Which patient groups have the highest prevalence of urinary incontinence?

Updated: Mar 19, 2019
  • Author: Sandip P Vasavada, MD; Chief Editor: Edward David Kim, MD, FACS  more...
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Answer

Age is the single largest risk factor for urinary incontinence, although at any age, urinary incontinence is more than 2 times more common in females than in males. Urinary incontinence affects up to 7% of children older than 5 years, 10-35% of adults, and 50-84% of the elderly persons in long-term care facilities. [1]

In a cross-sectional analysis of women who participated in the 2005-2006 National Health and Nutrition Examination Survey (NHANES), Nygaard et al demonstrated that the prevalence of urinary incontinence increased with age, but reported a lower overall prevalence than other researchers. The prevalence was 6.9% in women aged 20-39 years, 17.2% in those aged 40-59 years, 23.3% in those aged 60-79 years, and 31.7% in women older than 80 years. [41]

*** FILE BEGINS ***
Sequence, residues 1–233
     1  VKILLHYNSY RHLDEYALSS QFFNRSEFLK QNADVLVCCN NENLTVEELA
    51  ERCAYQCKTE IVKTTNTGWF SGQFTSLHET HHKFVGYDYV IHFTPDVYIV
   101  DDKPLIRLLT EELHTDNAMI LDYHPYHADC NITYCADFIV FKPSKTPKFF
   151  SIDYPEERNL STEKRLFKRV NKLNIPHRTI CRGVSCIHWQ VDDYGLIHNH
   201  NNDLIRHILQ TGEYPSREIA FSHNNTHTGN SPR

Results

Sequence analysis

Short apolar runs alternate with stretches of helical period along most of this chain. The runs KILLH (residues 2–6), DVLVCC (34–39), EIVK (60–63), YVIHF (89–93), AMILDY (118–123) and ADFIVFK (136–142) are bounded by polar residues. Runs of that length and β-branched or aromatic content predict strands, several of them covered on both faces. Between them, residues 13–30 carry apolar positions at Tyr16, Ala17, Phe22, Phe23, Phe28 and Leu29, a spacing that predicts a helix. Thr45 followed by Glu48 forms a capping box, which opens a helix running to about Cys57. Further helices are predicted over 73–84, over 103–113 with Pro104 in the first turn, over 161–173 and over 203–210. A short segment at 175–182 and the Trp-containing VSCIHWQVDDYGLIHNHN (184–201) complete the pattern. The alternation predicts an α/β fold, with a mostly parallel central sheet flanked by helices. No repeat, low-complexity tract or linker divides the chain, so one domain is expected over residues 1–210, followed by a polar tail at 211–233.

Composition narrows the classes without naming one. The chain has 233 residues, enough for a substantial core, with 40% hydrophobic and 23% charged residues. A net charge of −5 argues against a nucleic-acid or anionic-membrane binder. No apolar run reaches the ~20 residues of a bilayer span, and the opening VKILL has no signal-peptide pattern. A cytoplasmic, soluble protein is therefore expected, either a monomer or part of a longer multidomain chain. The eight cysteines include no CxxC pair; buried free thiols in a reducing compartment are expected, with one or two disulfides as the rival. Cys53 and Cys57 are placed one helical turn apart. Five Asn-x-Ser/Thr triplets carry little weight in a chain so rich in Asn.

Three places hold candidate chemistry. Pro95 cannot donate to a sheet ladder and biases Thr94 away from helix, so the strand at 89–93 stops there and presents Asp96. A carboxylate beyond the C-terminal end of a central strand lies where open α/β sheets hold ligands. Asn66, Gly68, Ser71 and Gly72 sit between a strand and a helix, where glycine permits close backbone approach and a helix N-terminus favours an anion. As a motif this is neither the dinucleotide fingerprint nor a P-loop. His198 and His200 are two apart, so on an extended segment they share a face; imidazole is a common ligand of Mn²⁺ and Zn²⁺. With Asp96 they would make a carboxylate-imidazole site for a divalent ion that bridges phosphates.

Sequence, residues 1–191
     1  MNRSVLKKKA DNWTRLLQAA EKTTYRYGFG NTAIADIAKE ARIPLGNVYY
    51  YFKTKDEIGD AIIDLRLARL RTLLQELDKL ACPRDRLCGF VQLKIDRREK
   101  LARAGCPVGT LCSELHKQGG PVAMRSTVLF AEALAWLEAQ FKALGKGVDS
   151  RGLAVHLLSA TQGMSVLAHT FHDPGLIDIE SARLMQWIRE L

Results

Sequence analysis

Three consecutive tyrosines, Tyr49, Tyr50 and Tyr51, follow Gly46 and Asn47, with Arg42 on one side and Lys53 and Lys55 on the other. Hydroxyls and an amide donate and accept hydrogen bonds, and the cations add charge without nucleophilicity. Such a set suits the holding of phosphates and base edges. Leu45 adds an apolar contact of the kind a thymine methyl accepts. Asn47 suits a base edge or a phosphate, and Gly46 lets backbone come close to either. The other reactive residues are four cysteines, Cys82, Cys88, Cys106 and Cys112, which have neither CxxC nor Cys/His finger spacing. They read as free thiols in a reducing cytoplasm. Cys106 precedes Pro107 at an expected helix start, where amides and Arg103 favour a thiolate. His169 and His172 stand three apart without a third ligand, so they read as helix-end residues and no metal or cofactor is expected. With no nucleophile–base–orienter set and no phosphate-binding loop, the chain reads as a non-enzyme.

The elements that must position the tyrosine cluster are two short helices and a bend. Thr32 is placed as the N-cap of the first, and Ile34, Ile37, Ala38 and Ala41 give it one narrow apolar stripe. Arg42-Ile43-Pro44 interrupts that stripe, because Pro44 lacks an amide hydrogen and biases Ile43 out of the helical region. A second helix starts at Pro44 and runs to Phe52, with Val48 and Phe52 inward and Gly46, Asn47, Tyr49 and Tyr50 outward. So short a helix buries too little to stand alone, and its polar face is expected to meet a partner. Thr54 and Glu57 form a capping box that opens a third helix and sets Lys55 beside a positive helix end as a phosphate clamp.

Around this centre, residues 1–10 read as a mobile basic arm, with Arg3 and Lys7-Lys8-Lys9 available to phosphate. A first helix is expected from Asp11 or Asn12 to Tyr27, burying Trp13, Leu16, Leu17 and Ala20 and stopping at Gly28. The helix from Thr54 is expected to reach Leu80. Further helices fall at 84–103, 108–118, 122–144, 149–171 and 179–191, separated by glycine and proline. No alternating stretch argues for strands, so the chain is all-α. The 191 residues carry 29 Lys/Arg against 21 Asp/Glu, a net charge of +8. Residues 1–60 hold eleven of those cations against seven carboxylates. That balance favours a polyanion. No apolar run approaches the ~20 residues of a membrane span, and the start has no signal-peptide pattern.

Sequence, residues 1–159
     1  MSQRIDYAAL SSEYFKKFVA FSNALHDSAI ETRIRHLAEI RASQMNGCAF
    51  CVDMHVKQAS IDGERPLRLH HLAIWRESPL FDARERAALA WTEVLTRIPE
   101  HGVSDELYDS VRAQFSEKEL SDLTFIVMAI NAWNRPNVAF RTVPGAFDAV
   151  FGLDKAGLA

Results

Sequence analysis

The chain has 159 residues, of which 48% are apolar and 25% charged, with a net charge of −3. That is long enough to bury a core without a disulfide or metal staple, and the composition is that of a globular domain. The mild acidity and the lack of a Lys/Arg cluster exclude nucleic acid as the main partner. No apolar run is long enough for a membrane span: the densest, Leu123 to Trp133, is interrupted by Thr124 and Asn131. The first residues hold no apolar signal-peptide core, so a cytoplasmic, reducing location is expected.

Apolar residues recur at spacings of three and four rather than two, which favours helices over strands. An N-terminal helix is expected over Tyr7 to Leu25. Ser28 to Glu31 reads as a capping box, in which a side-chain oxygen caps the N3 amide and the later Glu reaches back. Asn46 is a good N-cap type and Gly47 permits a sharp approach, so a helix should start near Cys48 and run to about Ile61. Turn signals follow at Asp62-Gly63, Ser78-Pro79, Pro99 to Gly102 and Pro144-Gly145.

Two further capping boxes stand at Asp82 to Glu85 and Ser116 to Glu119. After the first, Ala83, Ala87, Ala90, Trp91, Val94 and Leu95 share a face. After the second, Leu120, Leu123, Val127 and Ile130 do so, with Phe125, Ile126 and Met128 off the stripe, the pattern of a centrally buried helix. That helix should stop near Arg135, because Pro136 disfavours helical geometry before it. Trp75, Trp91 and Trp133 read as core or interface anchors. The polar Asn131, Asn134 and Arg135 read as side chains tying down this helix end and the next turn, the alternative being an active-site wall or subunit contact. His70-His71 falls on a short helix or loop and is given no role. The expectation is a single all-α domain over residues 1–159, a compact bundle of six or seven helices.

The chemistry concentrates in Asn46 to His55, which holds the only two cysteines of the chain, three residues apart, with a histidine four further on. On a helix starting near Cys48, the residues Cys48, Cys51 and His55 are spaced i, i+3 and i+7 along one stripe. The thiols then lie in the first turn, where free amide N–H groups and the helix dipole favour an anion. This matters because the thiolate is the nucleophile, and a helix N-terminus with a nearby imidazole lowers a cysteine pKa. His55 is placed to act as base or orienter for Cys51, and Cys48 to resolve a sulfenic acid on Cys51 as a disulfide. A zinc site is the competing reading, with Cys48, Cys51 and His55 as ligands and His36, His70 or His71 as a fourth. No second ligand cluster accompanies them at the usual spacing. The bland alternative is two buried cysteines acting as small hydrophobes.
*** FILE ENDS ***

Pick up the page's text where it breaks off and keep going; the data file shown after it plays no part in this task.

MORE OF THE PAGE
An age-related pattern also appears in the predominant type of urinary incontinence experienced. In general, studies have shown that stress urinary incontinence tends to be more common in women younger than 65 years, while urge urinary incontinence and mixed urinary incontinence is more common in women older than 65 years.

Stress incontinence affects 15-60% of women—both young and old individuals. More than 25% of nulliparous young college athletes experience stress incontinence when participating in sports.


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